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#31 harrytom

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Posted 27 October 2018 - 08:38 PM

Bloody nice guy,his whole attitude was lets have some fun,excellent guy,that was back in 1998


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The boss said "see you in the morning"didnt know he liked sailing


#32 Knot Me... maybe

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Posted 28 October 2018 - 06:50 AM

I don't see the rationale for cheating on keelboat PHRF measurements, why bother since you'll get sprung eventually as people are not stupid. Surely boat speeds dont vary that much unless its extras/no extras, 2 handed or fully crewed, which is covered when you enter a specific event.

The thing is very few get sprung.

 

Hey, as PHRF usage, like the fleet sizes, are growing well so there is no need to do much but sit on or hands. Silly me for suggesting otherwise.


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#33 Clipper

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Posted 28 October 2018 - 07:06 AM

Tends to be things like undeclared Code zeros, which in 4 knots can make a MASSIVE difference.
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#34 Jon

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Posted 28 October 2018 - 08:25 AM

The thing is nobody protests boats sailing outside their cert.
If a boat got chucked out every now and then it would stop, but with next to no chance of being held to account there will always be someone who will push the limits
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The best sailors do it two handed


#35 chariot

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Posted 28 October 2018 - 09:35 AM

Bloody nice guy,his whole attitude was lets have some fun,excellent guy,that was back in 1998

Last time I saw him he was making shade sails in WA. Made a number 2 blade for my Cav 32, best sail I've ever had.


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#36 Maté

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Posted 28 October 2018 - 10:35 AM

Sails like code zeros are almost too obvious compared to keels, rudder or even moveable ballast, I know that if I was up against my main competitor and they turned up with a new prod I would be checking the public database for sure.  I suspect the small number to non existent number of boats being protested for undeclared mods is probably because A. Most people are really honest and B. PHRF is small cheese for most club racers. Among the big boys I am sure that compliance is a big thing because if you're putting together a 50k campaign to take your TP that demands $350k a year in running costs and a pro crew offshore then your IRC/PHRF is extremely important whereas in an event like the SSANZ I'll bet half the fleet dont even know or care about cert compliance.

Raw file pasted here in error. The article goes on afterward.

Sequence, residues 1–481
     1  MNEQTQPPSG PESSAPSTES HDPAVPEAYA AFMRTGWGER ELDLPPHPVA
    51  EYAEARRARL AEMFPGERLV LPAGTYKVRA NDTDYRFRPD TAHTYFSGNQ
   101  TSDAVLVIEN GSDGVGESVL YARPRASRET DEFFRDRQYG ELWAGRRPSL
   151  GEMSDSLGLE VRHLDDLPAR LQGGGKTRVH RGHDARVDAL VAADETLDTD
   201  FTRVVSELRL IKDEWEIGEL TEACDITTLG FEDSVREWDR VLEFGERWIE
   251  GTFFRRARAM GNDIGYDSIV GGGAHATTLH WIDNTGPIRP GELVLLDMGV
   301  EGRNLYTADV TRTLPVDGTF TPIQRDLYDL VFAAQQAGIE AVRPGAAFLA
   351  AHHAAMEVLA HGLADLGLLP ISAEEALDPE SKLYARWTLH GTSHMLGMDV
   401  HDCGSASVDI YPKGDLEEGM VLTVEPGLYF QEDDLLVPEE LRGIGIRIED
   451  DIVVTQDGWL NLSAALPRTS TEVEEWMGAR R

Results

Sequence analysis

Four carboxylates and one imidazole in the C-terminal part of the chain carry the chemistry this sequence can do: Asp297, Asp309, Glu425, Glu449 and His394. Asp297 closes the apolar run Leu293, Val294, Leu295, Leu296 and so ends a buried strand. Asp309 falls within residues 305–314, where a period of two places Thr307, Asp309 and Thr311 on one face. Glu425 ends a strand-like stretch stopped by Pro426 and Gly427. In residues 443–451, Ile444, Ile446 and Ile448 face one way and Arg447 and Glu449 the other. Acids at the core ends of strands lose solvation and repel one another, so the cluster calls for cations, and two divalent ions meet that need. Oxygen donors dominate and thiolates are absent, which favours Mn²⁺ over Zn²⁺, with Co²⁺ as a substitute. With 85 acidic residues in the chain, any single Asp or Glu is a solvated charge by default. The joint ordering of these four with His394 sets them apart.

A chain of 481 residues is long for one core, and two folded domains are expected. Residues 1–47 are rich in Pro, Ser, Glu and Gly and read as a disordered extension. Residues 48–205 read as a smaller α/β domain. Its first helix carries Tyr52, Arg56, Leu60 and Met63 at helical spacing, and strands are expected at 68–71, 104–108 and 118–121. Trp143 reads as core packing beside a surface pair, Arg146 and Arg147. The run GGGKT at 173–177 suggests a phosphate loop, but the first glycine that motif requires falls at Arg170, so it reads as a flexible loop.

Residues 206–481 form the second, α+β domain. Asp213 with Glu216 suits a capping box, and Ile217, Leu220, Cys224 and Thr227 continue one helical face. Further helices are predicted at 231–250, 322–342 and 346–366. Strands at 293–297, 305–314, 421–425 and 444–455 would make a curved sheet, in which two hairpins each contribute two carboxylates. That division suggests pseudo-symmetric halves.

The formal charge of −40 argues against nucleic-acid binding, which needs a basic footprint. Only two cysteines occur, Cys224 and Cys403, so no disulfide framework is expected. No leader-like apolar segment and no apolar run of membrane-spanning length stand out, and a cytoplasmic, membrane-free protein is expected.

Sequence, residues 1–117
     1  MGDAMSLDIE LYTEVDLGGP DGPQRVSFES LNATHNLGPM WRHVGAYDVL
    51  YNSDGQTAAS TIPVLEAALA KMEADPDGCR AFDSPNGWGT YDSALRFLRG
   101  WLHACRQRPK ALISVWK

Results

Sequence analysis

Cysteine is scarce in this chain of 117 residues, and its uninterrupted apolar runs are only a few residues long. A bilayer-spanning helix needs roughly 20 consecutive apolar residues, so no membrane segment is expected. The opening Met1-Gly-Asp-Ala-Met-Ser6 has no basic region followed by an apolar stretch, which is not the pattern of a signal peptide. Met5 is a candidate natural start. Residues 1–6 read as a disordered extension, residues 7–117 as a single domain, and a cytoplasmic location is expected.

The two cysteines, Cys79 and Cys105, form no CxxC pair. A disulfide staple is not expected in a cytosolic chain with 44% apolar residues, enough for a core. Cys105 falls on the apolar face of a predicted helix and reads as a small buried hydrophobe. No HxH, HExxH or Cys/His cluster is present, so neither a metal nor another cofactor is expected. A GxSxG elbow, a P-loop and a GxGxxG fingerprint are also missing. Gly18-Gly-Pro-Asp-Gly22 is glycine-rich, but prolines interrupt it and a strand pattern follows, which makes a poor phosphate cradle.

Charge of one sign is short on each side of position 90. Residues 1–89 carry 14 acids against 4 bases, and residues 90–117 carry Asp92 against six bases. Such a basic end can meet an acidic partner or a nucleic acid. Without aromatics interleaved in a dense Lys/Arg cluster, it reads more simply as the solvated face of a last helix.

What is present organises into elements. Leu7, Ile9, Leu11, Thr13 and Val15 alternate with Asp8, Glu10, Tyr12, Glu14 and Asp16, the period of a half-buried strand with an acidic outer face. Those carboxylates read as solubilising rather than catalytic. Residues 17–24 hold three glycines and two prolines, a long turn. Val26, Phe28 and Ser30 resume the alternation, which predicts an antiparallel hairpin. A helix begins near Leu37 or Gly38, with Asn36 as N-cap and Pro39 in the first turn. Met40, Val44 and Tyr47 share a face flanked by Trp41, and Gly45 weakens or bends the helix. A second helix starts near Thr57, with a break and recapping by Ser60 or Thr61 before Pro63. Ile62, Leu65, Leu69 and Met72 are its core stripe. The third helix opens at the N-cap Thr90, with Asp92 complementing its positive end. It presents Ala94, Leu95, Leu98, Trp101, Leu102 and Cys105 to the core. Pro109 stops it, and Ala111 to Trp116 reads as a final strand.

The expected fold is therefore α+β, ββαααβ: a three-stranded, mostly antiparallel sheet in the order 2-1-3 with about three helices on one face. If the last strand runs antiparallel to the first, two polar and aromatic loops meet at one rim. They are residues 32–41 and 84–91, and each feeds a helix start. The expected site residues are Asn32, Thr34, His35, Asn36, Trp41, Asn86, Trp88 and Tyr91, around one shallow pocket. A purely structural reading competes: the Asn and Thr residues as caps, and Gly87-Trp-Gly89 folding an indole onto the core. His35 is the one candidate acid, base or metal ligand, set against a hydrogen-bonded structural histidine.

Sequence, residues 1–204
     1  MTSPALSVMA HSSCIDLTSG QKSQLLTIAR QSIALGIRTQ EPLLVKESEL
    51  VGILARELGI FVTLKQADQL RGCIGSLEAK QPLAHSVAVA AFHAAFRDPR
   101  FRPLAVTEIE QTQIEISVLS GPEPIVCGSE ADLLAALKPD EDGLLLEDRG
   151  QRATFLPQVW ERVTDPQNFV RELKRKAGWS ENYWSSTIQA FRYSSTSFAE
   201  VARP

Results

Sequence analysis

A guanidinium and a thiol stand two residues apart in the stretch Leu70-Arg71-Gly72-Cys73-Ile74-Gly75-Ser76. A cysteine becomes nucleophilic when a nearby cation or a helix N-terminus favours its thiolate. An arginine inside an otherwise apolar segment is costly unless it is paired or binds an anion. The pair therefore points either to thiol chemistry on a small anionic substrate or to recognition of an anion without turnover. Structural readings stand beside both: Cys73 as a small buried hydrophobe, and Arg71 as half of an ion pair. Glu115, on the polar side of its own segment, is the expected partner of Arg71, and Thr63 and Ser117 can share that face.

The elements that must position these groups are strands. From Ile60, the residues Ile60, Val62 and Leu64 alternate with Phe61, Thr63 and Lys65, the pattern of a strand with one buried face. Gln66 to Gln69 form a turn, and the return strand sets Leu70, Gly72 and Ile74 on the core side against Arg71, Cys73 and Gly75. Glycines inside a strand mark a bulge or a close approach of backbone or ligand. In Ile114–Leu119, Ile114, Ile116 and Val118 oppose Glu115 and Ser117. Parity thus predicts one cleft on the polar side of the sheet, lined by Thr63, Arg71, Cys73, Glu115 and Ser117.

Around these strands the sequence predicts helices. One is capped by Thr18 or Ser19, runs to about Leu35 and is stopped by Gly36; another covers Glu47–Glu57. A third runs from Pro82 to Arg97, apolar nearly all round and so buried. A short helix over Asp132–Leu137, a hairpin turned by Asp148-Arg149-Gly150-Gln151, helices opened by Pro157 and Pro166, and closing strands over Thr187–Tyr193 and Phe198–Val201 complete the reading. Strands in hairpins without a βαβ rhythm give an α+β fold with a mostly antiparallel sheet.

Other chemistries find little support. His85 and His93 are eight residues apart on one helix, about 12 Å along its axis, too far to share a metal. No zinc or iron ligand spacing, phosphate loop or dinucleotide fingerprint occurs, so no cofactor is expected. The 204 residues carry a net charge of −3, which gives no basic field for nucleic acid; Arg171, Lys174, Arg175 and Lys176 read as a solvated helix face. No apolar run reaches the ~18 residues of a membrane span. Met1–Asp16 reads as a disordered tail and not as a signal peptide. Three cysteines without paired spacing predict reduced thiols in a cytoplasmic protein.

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#37 Fish

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Posted 28 October 2018 - 11:02 AM

I wonder what impact inaccurate or overly conservative declarations have on the base handicap?

 

It is well known that IRC hits boats that run both asymetric and symetric kites. I'd expect this to be a factor on PHRF, as you have the sail for every wind angle there is.

 

SNS's cert declares that no spinnaker pole is carried, but goes on to give dimensions for a good sized mast head spinnaker. A length is declared for a bow sprit, and a fractional asymetric is declared.

 

In the BNZ review, there was no bowsprit but there is a photo of them using a spinnaker pole. I don't know what the configuration was for the Coastal or if the bow sprit has been installed or not.

 

Certainly, if you can't run an asymetric but you declare one, that is not going to help your handicap.


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#38 ScottiE

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Posted 28 October 2018 - 11:22 AM

Tends to be things like undeclared Code zeros, which in 4 knots can make a MASSIVE difference.

 

That's not a PHRF problem, that's a personal integrity problem!


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After a decade or so of Euphoria . . . it's time to go Ballistic!
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#39 Clipper

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Posted 28 October 2018 - 12:37 PM

That's not a PHRF problem, that's a personal integrity problem!


100% agree. I was just responding to the comment from native about ‘how much difference does it make etc.’
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#40 Knot Me... maybe

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Posted 28 October 2018 - 01:46 PM

The thing is nobody protests boats sailing outside their cert.
If a boat got chucked out every now and then it would stop, but with next to no chance of being held to account there will always be someone who will push the limits

Oh hell yes.

 

That's not a PHRF problem, that's a personal integrity problem!

Oh hell yes.


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